Boards of education have considerable latitude in providing essential educational services. Services, facilities and programs of special education may be provided for in several ways. E.g., N.J.S.A. 18A:46-14. One avenue is through county educational services commissions.

An educational services commission is defined as

an agency established . . . in one or more counties for the purpose of carrying on programs of educational research and development and providing to public school districts such educational and administrative services as may be authorized pursuant to rules of the State Board of Education.

[N.J.S.A. 18A:6-51.]

An ESC may be established by local boards of education with the concurrence of the Commissioner of Education on the approval of the State Board of Education. N.J.S.A. 18A:6-52. ESCs may provide a range of educational and administrative services. See Remedial Educ. & Diagnostic Servs., Inc. v. Essex County Educ. Servs. Comm'n, 191 N.J. Super. 524, 526-28, 468 A.2d 253 (App. Div. 1983) (citing N.J.S.A. 18A:46-19.7, court confirmed local school board's authority to subcontract with an ESC to provide auxiliary and remedial services to handicapped pupils), certif. denied, 97 N.J. 601 (1984). An ESC "shall from time to time determine what services and programs shall be provided . . . [and] enter into contracts with school districts, whether member districts of the commission or not, to provide any or all such services and programs." N.J.S.A. 18A:6-63.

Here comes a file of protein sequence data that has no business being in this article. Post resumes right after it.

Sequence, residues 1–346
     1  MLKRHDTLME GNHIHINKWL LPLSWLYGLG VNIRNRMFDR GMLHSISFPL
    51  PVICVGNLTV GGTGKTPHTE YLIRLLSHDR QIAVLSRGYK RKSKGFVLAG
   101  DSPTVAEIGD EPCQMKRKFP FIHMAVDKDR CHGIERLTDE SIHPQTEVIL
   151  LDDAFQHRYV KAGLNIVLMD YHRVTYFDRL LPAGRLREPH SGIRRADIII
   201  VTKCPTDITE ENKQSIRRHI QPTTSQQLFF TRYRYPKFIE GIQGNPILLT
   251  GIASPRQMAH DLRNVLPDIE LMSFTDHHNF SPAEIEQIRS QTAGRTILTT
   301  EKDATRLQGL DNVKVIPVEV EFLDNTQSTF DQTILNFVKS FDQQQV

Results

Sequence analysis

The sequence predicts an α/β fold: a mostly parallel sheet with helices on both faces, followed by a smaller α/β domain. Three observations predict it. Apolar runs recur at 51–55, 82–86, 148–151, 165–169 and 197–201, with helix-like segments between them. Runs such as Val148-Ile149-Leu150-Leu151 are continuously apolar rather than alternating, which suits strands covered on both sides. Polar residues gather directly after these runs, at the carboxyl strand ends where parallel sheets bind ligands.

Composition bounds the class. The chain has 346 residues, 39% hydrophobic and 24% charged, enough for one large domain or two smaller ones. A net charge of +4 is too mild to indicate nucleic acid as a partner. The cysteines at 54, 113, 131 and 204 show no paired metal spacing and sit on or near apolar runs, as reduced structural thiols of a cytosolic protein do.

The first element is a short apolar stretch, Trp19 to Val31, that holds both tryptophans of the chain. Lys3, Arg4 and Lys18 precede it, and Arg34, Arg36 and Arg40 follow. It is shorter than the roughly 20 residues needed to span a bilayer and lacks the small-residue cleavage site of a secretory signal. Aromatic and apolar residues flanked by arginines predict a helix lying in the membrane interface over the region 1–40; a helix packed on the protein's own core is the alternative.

Of special relevance in this case is the statutory and regulatory authority governing services to children in need of speech correction. The Classes and Facilities for Handicapped Children Act, N.J.S.A. 18A:46-1 to -46, requires that public schools provide special educational services for handicapped students. A board of education has a statutory responsibility "to provide suitable facilities and programs of education" for all handicapped children, N.J.S.A. 18A:46-13, including children who are "communication handicapped." N.J.S.A. 18A:46-1. "The facilities and programs of education required" for handicapped pupils may be provided by "joint facilities including a class or classes . . . to be provided by agreement between one or more school districts." N.J.S.A. 18A:46-14(c). Further, and specifically, "[a] board of education may contract with . . . an educational services commission . . . for the provision of examination, classification and speech correction services required by this act." N.J.S.A. 18A:46-19.7. *fn1